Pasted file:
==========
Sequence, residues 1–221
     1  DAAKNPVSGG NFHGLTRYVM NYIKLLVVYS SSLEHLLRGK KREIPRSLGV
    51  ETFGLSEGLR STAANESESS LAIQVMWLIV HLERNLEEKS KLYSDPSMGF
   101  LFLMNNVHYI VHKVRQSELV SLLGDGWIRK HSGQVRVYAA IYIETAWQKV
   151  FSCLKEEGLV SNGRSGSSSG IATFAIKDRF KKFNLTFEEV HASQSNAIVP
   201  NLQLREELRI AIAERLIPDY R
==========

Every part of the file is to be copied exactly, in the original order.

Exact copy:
Sequence, residues 1–221
     1  DAAKNPVSGG NFHGLTRYVM NYIKLLVVYS SSLEHLLRGK KREIPRSLGV
    51  ETFGLSEGLR STAANESESS LAIQVMWLIV HLERNLEEKS KLYSDPSMGF
   101  LFLMNNVHYI VHKVRQSELV SLLGDGWIRK HSGQVRVYAA IYIETAWQKV
   151  FSCLKEEGLV SNGRSGSSSG IATFAIKDRF KKFNLTFEEV HASQSNAIVP
   201  NLQLREELRI AIAERLIPDY R